Grocery shopping can get expensive, regardless of if you're on a tight budget or not. Why spend extra money when you don't have to? I was thinking of things to write about for the Flaming Vegan, and I thought I'd share 10 tips that I use when shopping for food / preparing meals for the week.
- Eat food / Prepare meals around what's in season / on sale: For a while I was really hooked on eating sweet potato as the main part of 1-2 meals a day, but then it went up in price. However, I kept buying it when I really should have taken a sweet potato break and started making meals that were focused on what was on sale or in season. If you see that Cauliflower is on sale on a certain week, try to focus a couple of days using Cauflower-focused meals. If you need some quick inspiration, open up Pinterest and type in something like, "Vegan Cauliflower recipe". :) You'll save a lot of money if you plan your meals around what is cheapest! (if the produce is fresh, of course). **Additional tip: I usually take a look at flyers for different grocery stores when I'm at home and start loosely planning my meal ideas from there. This also lets me decide what store(s) I want to go to to get the most savings.
- Make your own Hummus / Dips / Salad Dressing!: A large container of hummus can be around $6-$7, while a bag of dried chickpeas is .80cents - $2. Have you ever tried to make your own hummus? If you have a blender or food processor you should give it a try! It'll save you loads of money. You can even freeze leftovers! Same goes for dips - Silken tofu can be a great base for making creaming dips and salad dressings and nutritional yeast is great for making a cheesy dip. Fresh or dried herbs like dill and chives add awesome flavour, as does lemon, lime, spices, apple cider vinegar, tahini...etc. Mmmm. :)
- Avoid processed/premade vegan foods when you can or keep them to a minimum / as an occasional treat: Time and time again, I look over my receipt after grocery shopping and the largest priced items are processed/pre-packaged foods 90% of the time. Vegan cheese, burgers, yogurts, ice cream, cookies etc can add up quite easily. I know Daiya makes awesome vegan cheese and I'm not saying to never buy it again, but try to keep your shopping cart filled with mostly whole foods and it'll save you some money and more healthy too!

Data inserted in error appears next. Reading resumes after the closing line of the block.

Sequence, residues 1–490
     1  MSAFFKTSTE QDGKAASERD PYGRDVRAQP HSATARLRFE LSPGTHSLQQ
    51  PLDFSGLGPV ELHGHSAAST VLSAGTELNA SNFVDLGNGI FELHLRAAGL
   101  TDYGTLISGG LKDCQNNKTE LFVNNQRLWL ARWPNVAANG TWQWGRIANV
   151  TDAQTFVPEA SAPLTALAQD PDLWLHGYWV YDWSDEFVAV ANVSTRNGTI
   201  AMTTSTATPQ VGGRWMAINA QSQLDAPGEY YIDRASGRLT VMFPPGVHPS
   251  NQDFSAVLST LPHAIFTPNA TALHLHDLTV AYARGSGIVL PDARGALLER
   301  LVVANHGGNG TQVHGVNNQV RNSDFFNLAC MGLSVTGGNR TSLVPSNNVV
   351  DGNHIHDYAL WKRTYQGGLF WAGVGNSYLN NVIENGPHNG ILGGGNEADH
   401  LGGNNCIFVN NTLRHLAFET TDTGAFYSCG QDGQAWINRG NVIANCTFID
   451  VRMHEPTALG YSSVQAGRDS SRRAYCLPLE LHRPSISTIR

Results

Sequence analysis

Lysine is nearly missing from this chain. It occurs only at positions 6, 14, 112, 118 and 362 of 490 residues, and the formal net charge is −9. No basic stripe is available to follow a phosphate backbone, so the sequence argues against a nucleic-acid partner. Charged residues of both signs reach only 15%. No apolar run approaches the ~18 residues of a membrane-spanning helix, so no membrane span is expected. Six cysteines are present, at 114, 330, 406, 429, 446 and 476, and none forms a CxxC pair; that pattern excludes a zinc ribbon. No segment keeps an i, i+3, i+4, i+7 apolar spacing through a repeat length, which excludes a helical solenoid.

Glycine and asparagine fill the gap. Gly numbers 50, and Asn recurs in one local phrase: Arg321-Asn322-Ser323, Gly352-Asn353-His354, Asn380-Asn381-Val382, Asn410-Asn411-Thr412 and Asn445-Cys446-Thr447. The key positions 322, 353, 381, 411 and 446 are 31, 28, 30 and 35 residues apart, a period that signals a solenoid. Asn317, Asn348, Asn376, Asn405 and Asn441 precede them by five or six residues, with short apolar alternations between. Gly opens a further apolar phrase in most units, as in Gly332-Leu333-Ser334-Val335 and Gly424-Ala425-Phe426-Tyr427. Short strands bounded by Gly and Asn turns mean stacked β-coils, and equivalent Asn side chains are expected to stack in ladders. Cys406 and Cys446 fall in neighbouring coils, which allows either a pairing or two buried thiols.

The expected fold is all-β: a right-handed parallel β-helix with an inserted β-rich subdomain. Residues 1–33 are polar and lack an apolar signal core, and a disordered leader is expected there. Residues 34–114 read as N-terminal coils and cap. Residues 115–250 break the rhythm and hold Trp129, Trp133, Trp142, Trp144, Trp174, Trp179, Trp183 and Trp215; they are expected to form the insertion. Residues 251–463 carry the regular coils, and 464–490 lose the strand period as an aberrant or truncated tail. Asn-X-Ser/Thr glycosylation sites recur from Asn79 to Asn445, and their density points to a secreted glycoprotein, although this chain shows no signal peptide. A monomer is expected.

- Buy Frozen Fruits/Veggies, especially during a sale!: If you see some frozen produce that is on sale, buy a bunch to have on hand. You'll probably get through it way before any expiration date and you'll not only save some bucks, you have food on hand that you don't have to worry about going bad! Frozen fruit is great for smoothies, homemade frozen sorbet/yoghurt and in baked foods. Frozen veggies can beroasted, stir fried or boiled within a relatively short period of time.
- ^ Buy extra Fresh produce when on Sale and freeze it (if it's freezable): I just used this tip recently. I had made some baked goods with some rhubarb a friend gave me, but I had way more than I could use in time, so I washed, chopped and tightly sealed the leftover rhubarb and popped it in the freezer. I did the same with some leftover fresh dill. I find I can never get through fresh cilantro, dill, chives etc...soon enough, so freezing is a good choice.
- Don't Grocery Shop While You're Hungry! (:P): This may be a bit of a silly tip that you've probably heard before, but I definitely think I spend more when I go grocery shopping when I'm really hungry! For one, I usually end up getting some junky type food or a pre-prepared meal like sushi (which is at least $4.75), as well as whatever else that I may not even get to in time. If I go to the store satiated, I can stick to my grocery list (most of the time... sometimes agirl/guy just needs some cookies).
- Opt to cut/chop your own fruit/veggies: I know it can be very convenient to buy the pre-chopped caulflower, broccoli, melon, veggies, fruit etc...but this usually adds quite a bit to the cost, and it may even mean you are getting less product for more because it is already prepared for you. For the most part, it shouldn't take you that much more time to chop your own bell peppers, broccoli, strawberries... This is similar to prechopped lettuce/romaine. It is usually cheaper to buy a head of romaine and chop it yourself. I found a cheap salad spinner at the thrift store, so now washing and drying my greens takes hardly any time at all.
- Try to stick to the outer perimeters of the store: This is partly to do with health and partly to do with saving money. Sure, there are super cheap items to be find in certain items, but for the most part, the healthiest items are found in the outer sections of the store - The produce, both fresh and frozen. It's a pretty good guideline to stick to and it'll cut down on the amount of time that you're in the store.
- Coupons!: I don't take advantage of coupons that often, mostly because a lot of the coupons I see are for items that I don't eat because they are either unhealthy or not vegan. However, you can still find a good amount of healthy vegan options. (http://www.glutino.com/ Glutino has a "Coupons" page) Here's two more: http://www.goveggiefoods.com/coupons/http://www.commonkindness.com/
- Keep an eye on the "Quick Sale" or "Discount" section: Now, this can both save you money as well as risking to make you lose money. Let me explain: A couple of my grocery stores have either a "50% off" or "for Quick Sale/Discount" section with produce that they want to sell quickly. Sometimes this produce is already mushy and icky, but sometimes it is really fresh and there is nothing wrong with it. I have saved a bunch buying food from this section, even if it means it has to be eaten in a day ot so. Now, the reason this can just be a waste is if it is so close to spoiling that you never get to it.
Hope you enjoyed this tips and feel free to add more! :)
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